SOUTH AFRICA: Measuring cyclists' brain waves

Researchers at the University of Cape Town have found a way to measure the brain activity of a cyclist pedalling at racing speed by using a specially modified MRI scanner that holds the subject's head still while the legs are rapidly moving.

The project involves the study of the brain during physical activity and opens the possibility of new interventions, according to Dr Elske Schabort, a postdoctoral fellow at the UCT-Medical Research Council research unit for exercise science and sports medicine, known as ESSM.

"Because of the difficulty of the project, technique, equipment and methodology, limited information is available in this area of exercise science research," Schabort said. "The opportunity to be among the first to initiate such novel investigations will allow great progress in our work to try to understand and describe the involvement of the brain and central nervous system during exercise and performance regulation."

The project was initiated by Eduardo Fontes, a doctoral student from the University of Campinas in São Paulo, Brazil. Fontes arrived at the ESSM recently to test a modified scanner bed he and his father had designed. It allows a cyclist to lie flat on the back while being able to pump furiously at a set of pedals connected to a cycling ergometer. The cyclist's head is held stock-still in a helmet fixed to the bed of the scanner. A video showing how the system works can be seen here.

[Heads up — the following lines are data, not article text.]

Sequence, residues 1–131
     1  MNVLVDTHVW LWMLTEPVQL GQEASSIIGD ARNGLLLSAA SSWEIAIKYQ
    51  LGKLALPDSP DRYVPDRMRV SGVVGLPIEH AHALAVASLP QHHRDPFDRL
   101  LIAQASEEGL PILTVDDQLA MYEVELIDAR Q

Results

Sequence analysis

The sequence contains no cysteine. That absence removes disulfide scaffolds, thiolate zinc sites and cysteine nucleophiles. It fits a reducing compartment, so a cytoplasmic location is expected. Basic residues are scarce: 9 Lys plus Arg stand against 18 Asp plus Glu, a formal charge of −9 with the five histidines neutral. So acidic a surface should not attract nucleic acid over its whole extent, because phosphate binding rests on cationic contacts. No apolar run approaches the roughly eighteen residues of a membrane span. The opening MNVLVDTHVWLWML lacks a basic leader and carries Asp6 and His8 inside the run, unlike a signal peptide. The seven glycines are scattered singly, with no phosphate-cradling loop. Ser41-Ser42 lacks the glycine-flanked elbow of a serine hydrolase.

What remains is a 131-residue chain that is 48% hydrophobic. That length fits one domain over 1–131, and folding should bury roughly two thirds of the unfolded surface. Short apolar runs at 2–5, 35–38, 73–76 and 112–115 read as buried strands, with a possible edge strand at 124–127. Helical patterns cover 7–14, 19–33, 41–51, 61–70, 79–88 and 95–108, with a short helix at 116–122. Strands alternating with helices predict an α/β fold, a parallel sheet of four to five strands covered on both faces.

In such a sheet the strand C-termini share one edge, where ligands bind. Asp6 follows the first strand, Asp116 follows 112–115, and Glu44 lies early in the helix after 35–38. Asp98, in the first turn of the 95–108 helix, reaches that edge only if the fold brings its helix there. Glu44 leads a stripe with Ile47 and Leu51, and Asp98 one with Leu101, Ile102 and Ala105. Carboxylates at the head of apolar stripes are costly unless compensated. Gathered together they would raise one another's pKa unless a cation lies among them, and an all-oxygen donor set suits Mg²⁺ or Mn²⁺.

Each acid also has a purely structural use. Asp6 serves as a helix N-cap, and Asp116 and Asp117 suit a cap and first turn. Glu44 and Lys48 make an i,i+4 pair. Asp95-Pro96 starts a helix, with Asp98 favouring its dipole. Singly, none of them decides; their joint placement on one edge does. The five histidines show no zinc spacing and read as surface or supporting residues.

The machine allows researchers to take an MRI scan of the cyclist completing a standard VO2 max, or maximal oxygen consumption, test. This measures the maximum amount of oxygen a person's body can transport and use during a bout of exercise where intensity is gradually increased over time.

Fontes brought his research to UCT after hearing of the work of ESSM Director Professor Tim Noakes on the relation between the brain and sports performance, and how cerebral areas control exercise.

To get cyclists used to the head restraints and the sensation of cycling while supine within the claustrophobic confines of an MRI scanner, Fontes called on the help of Charles Harris, chief technical officer in UCT's department of human biology. Harris constructed a mock-up of the MRI bed and scanner and ensured the final cycling apparatus was "scanner-friendly" such that it contained no metal, for example.

Fontes ran the full tests and scans in April with seven well-trained competitive cyclists. He said it took them a session or two to get used to the unusual set-up of the simulator: "The first impression when they see it is, `Oh man, I won't make this'. But after we improved their comfort - their head and their positioning - they were fine."

The preparatory work with the cyclists on the simulator - including full VO2 max tests - took place at the ESSM facilities at the Sports Science Institute of South Africa in Newlands, while the MRI scans were done at the Cape Universities Brain Imaging Centre on Stellenbosch University's Tygerberg campus.

Now back in Brazil, Fontes is analysing the data. He and a team of international collaborators at ESSM and UNICAMP will calculate the specific demands of the atypical cycling position and then cross-check that with what they find on the scans. Fontes said the first results should be out early next year, although initial findings suggest the results from the simulator and MRI scans were very evenly matched - confirming the simulator did its job.